Imagine for a moment that you've been asked to collect money from your co-workers to buy decorations for your office holiday party. The boss gave you an envelope and sent you on your way with clear instructions: Ask every one of your 50 co-workers if they want to pitch in some money for the party. By the end of the day you have $150 in cash. No one knows how much you collected except for you. Would you: a) total up all the money and give it to your boss, or b) take a little of it for your collection efforts? I mean no one would know but you…
I'm hoping the thought of taking any of the $150 never crossed your mind and that you're appalled I would even suggest it. However, several managers have recently told me that they are concerned about Gen Y's ethics and have doubts about their integrity. Some have even told me that they simply don't trust their young employees.
As a member of Gen Y, I find this concern offensive, but I can also understand where the managers are coming from. For example, I know many young adults who buy or are given a video game and immediately go online to get the cheat codes to easily beat the game. Is that ethical? I've met other young adults who buy fancy clothes to wear to a party and then return them the day after the celebration. Is that ethical? And I recently spoke with the dean of a prominent business school who told me that plagiarism seems to have increased dramatically in recent years (at least in terms of those who get caught). Is Gen Y really lacking in ethics? Do we simply prefer shortcuts? Or is a small group of young adults making the rest of us look bad?
The answer is up for debate — and so is the idea that Gen Y is any more or less ethical than previous generations. What I do know is that ethics have never been more important to the career of a young professional. The headlines of companies that have imploded based on fraud and deceit speak for themselves. At the same time, getting a reputation for being unethical can leave a lasting scar on an otherwise impressive young professional's résumé. Doing the right thing may not always be the easiest path, but it is the path that keeps you looking forward instead of over your shoulder.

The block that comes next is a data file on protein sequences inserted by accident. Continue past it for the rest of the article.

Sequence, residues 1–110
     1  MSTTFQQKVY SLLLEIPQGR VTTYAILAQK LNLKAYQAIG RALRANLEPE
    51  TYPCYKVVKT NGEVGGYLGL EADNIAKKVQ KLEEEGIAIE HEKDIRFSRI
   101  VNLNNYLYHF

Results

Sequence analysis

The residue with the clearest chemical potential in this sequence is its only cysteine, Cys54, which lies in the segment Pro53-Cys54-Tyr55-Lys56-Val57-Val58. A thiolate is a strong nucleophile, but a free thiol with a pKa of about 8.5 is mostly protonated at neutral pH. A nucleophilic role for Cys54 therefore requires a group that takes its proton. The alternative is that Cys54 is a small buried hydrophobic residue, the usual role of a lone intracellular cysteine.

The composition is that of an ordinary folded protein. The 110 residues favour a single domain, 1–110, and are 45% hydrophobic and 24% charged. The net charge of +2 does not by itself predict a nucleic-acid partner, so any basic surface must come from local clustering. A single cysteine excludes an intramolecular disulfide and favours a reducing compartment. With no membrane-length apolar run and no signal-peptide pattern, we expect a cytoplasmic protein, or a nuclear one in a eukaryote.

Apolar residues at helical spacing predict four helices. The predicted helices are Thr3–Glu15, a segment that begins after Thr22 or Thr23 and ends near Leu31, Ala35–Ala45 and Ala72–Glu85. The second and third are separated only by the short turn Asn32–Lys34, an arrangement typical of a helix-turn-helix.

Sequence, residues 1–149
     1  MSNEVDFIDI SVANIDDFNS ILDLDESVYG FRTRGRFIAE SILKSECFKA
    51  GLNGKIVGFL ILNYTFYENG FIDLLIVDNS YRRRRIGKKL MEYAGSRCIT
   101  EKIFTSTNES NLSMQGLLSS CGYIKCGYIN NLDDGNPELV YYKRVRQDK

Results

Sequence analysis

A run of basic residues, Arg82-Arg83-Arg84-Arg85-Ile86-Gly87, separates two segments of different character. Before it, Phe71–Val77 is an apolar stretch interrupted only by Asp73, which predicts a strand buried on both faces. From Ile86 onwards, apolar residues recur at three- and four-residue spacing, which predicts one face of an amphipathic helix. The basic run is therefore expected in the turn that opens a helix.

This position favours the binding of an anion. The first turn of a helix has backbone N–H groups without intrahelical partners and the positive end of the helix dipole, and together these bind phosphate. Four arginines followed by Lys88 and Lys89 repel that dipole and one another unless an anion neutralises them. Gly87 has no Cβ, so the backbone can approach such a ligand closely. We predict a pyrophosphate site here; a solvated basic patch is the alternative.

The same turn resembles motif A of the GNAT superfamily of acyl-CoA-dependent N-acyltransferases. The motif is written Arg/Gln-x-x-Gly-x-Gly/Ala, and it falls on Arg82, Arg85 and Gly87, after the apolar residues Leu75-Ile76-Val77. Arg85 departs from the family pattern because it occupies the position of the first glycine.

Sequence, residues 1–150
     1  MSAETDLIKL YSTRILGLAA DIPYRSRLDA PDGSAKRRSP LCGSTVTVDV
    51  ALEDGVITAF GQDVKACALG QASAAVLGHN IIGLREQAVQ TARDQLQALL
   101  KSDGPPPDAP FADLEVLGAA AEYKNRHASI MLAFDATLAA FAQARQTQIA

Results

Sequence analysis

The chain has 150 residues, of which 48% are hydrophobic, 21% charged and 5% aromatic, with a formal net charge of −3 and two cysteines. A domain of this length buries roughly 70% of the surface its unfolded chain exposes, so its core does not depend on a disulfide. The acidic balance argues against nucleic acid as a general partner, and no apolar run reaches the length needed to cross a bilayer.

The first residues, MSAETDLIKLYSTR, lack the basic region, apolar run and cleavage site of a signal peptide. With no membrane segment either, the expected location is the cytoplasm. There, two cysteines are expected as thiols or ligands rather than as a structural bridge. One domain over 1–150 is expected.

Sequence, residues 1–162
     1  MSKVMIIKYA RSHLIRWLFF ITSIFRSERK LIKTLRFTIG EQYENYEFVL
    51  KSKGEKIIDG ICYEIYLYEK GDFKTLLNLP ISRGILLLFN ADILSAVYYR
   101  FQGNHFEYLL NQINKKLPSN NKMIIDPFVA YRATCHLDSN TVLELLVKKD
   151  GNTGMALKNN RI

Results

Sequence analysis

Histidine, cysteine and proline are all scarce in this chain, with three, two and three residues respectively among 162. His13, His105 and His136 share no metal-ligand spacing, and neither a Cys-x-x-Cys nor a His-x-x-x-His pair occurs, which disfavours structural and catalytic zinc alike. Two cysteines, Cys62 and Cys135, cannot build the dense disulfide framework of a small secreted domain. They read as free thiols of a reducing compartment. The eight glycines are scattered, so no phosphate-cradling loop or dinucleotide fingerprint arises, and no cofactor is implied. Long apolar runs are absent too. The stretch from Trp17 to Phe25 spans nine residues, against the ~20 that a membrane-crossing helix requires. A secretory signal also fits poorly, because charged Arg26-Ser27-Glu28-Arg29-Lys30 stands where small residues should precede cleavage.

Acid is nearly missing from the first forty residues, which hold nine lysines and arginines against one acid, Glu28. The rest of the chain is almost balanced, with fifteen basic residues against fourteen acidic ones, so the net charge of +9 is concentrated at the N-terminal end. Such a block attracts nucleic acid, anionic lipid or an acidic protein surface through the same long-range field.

Here are three areas that managers have told me Gen Y needs to pay particular attention to when it comes to professional ethics:
- Résumé — Lying on or embellishing résumés has reached epidemic proportions
Ironically, the Internet and numerous résumé-checking services make it easier than ever to find out if you really did graduate from Harvard, a “diploma mill,” or Imaginary U.
- Confidentiality — Keeping your work confidential is part of being a professional
Business competition is fierce and proprietary information can find its way into the wrong hands at the speed of broadband. Know what you can and can't talk about outside of the office — including on your blog. If you're not sure, ask.
- Theft — You don't have to pocket cash from your employer for it to be considered stealing
Surfing the Web at work when you should be working is a type of theft. So is “borrowing” office supplies for personal use. At one company, a surveillance camera was set up to see who was stealing the toilet paper. When the person was caught, not only was he fired, but imagine the embarrassment! He went straight from aspiring VP to embezzler of TP.
There are several ways to go about making an ethical decision. You can consider how the general public would react to your decision if they heard about it on the evening news. You can consider whether your mom, dad, or someone you deeply respect would consider your decision ethical or not. And if you're still not sure, ask one of them. They — and you — will be glad you did.
Jason Ryan Dorsey is The Gen Y Guy™. His keynotes and seminars teach business leaders how to build Gen Y employee loyalty and performance while bridging all four generations in the workplace. Jason has appeared on “60 Minutes,” “20/20,” “The Today Show,” and “The View.” His new book is entitled My Reality Check Bounced!